Are the states of minds of individuals ever influenced by systemic states of affairs? If so, then the distinction holds. If not, I wonder what planet you live on.


There is no more degenerate kind of state than that in which the richest are supposed to be the best.
Cicero, The Republic
[ Parent ]
you're confusing yourself. by the mariner (2.00 / 0) #4 Sat Nov 16, 2013 at 08:13:54 PM EST
there's no meaning of the word "bigot" or "bigotry" that would take into account your "systematic states of affairs." bigotry is not a systematic phenomenon, it is a state of mind. it may be that bigots are so numerous in a society as to add up to something systemic, but it does not go the other way around.

the tortured logic of TNC and what you're attempting here is evidence enough of what's wrong with these blog freakouts. the word "bigot," unlike the word "racist," has a reasonably narrow, well-defined meaning. there is no need to try to widen it just to heap opprobrium on this news cycle's persona non grata.

[ Parent ]
Funny, I don't think I'm confusing myself by lm (2.00 / 0) #7 Sat Nov 16, 2013 at 11:42:20 PM EST
``bigotry is not a systematic phenomenon, it is a state of mind. it may be that bigots are so numerous in a society as to add up to something systemic, but it does not go the other way around.''

That is a highly disputable claim. Most studies suggest that much of the way that we think is a product of the environment  in which we are raised. I'd go so far as to assert that the number one predictor of whether or not someone is a bigot is whether or not that person's parents are bigots.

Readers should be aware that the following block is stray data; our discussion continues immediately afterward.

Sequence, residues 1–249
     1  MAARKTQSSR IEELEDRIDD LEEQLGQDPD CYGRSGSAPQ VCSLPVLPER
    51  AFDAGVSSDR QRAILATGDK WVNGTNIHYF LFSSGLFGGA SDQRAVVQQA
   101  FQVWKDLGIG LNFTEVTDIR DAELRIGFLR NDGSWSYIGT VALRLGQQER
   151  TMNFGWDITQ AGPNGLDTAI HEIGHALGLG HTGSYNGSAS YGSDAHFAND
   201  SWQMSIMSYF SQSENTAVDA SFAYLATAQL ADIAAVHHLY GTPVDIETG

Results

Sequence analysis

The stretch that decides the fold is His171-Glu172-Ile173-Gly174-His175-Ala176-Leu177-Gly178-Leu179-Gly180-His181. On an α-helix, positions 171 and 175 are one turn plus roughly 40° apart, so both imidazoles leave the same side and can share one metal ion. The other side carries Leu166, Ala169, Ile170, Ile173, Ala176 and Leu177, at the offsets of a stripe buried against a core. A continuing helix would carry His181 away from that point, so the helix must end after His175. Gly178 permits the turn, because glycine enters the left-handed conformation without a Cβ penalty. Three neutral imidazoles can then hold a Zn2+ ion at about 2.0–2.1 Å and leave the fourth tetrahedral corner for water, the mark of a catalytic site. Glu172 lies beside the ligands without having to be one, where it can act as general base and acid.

There is no more degenerate kind of state than that in which the richest are supposed to be the best.
Cicero, The Republic
[ Parent ]
it takes considerable care to know by the mariner (2.00 / 0) #8 Sun Nov 17, 2013 at 12:44:41 AM EST
when one is confusing oneself.

your mistake is in believing that there are various competing definitions of bigotry or that it is an extremely broad, multifaceted concept. it's an understandable error. other similar concepts, like racism, are extremely broad and admit application to all kinds of situations and contexts, thanks to the tireless efforts of various studies departments throughout christendom. in "bigotry," we have a word with a clear, narrow definition -- let's not try to get creative with it, okay?

as to "the genealogy of bigotry" i have no idea how you could think that's relevant to the claims made here.

[ Parent ]
The OED does seem to define it pretty broadly by lm (2.00 / 0) #13 Sun Nov 17, 2013 at 03:56:26 PM EST
The only narrow definitions of a bigot are obsolete, e.g. religious hypocrites.

Just based on the way that people use the word in real life, I don't think that it does have all that narrow of a definition. But that is really neither here nor there because I believe that my point holds even for a fairly narrow conception of what bigotry is.

Let's take something that you wrote in your reply to TE, ``the definition i give is not, in fact, about a person's inner life, but rather in observing its reflection in the interactions of that person with others.''

Yes. That is quite close to the point that I was trying to make.  I think that where we differ is that I think that the interactions that one person has with persons are informed by both systemic factors and deeply personal factors such that a person can at the same time systemically interact with another in a way that is bigoted while not being bigoted in any meaningful sense in his or her interior life. You appear to be suggesting that in the case of bigotry no interpersonal actions can be systemic in nature.